Here’s how it would work. In a 2:30 round, you give each player 1:10 minutes on their clock, leaving 10 minutes for things such as pre game rolls, deployment, potty breaks, judge calls, beer runs etc. The essentials. So at the start of turn 1 Bobby’s clock starts ticking, he can do whatever he wants now. If he wants to measure every single conscript to be “more accurate” go right ahead. If he wants to roll his dice 1 at a time to create suspense, be my guest. If he wants to spend 1 hour thinking about where to put his terminator squad feel free! You get it. When Bobby’s done with his turn he pushes the magic button and now it’s Sarah’s turn. Sarah can take her sweet time doing who cares what. And when she’s done with that back to Bobby.
So what happens when you run out of time? Well there are a lot of ways to go about this and most are valid. In chess you just lose for example. At BFS which used chess clocks on split time as mentioned earlier you simply couldn’t make any more actions. You were simply a dummy who had models and had to roll saves occasionally. If that meant your opponent got to take 11 turns in a row that’s cool, you shouldn’t have run out of time. I find this makes more sense in a game where score matters as well rather than in chess where it’s a binary system of win/loss. Reason being it doesn’t screw the whole tournament when suddenly Sarah gets a max point win and bumps some guy out of top 16 in what would have been a super minor win if Bobby hadn’t run out of time.
Now now I’m sure you have a ton of “but what ifs” in regards to chess clocks so let me try and preemptively address those. A common counter to chess clocks is things like players doing things on their opponents turns, making saves, fighting close combats, and the worst culprit: soulburst. In order to counter this you as the player have the right to pass the clock back to your opponent on your turn for actions that he is taking on your turn. Meaning when Bobby soulbursts in the middle of Sarah’s turn Sarah can give Bobby the clock so he’s wasting his time and not hers. When Bobby is done with the soul burst he gives the clock back to Sarah and she continues as normal. Same goes for things such as combat, saves, etc…
But wait! Won’t that get really annoying for things like saves when you have to pass the clock back and forth every 4 seconds to resolve things like basic shooting attacks? It sure would. You also have the right as players to NOT switch the clock for menial irrelevant amounts of time saved. There is really no point in passing the clock so your opponent can roll 2 saves, pull 1 model and pass the clock back. It IS your right to exercise this ability but I highly recommend you act like a reasonable person and don’t. It would quickly become a hassle and set a bad tone for the game. Chess clocks work much better when people are reasonable about when to pass the time. Especially when you consider that all those 1-2 second actions will easily balance out over the game as you both have to make them. If you want to spend your overall round time drinking beers and relaxing go right ahead, but understand that you’ll be using your time to do so. That’s not really an issue for those players who can relax and enjoy themselves at a normal pace (I’ve never really had issues finishing games and we all know how I play 40k) it’s just a matter of playing efficiently. At the end of the day it is up to you and your opponent to decide what kind of game you want to play, fun and relaxed vs hyper intensive to some in between; this system is solely to enforce some fairness.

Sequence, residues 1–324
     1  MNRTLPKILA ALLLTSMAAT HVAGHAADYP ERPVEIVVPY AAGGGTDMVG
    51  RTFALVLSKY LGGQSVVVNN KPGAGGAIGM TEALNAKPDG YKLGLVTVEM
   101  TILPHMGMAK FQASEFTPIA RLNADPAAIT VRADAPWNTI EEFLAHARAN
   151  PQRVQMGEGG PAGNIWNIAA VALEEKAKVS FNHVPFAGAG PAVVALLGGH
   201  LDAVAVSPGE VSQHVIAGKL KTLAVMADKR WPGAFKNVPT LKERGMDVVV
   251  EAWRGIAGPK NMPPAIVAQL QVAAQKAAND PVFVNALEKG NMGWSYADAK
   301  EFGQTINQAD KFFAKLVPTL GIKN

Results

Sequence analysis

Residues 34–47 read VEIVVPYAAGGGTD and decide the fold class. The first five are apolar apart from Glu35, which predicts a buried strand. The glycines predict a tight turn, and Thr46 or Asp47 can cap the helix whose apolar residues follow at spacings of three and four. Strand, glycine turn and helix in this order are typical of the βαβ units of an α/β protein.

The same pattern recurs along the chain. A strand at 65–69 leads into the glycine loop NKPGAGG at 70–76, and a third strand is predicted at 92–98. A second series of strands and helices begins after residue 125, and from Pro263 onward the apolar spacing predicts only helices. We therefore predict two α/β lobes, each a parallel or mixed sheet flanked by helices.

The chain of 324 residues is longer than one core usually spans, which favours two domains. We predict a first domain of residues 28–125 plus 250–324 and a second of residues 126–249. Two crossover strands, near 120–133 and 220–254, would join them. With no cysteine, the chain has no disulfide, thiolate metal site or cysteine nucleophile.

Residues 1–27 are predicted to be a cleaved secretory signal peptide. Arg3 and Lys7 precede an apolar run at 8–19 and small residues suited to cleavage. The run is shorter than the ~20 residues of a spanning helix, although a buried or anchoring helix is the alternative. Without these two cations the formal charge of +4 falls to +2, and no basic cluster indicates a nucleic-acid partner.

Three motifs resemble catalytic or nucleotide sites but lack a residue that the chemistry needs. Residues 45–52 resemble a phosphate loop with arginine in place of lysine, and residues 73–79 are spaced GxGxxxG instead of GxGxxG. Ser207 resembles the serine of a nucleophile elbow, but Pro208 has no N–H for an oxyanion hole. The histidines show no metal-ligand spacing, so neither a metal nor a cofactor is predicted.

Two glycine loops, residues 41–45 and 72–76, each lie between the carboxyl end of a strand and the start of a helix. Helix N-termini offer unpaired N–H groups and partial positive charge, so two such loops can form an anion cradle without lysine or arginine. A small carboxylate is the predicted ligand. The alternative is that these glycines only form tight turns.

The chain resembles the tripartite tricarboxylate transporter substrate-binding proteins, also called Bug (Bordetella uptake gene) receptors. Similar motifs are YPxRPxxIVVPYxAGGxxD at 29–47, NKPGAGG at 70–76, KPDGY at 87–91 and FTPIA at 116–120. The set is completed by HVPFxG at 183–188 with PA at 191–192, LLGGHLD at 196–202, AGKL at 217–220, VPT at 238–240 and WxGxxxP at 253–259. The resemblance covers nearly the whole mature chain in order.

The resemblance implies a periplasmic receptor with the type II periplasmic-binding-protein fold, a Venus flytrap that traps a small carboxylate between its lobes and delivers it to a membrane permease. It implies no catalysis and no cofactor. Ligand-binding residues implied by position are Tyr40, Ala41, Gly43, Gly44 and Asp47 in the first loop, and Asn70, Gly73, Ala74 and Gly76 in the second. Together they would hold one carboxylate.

What happens if I forget to pass the time back to my opponent and he takes his turn on my time? Sadly there isn’t much that can be done here. Just suck it up really. It would have to be your responsibility to pass the clock to your opponent. This may sound like a real issue now, but as people play with clocks it’s very easy to make it a habit to check the clock frequently (which you should always be doing anyway) so even if you do mess it up it shouldn’t be too long until it’s recognized. There’s also a bit of honor system here where it falls on your opponent to keep you honest too. But the real bottom line here is be better.
So there’s my spiel on why chess clocks are the way of the future in competitive 40k. Stop slow playing nerds.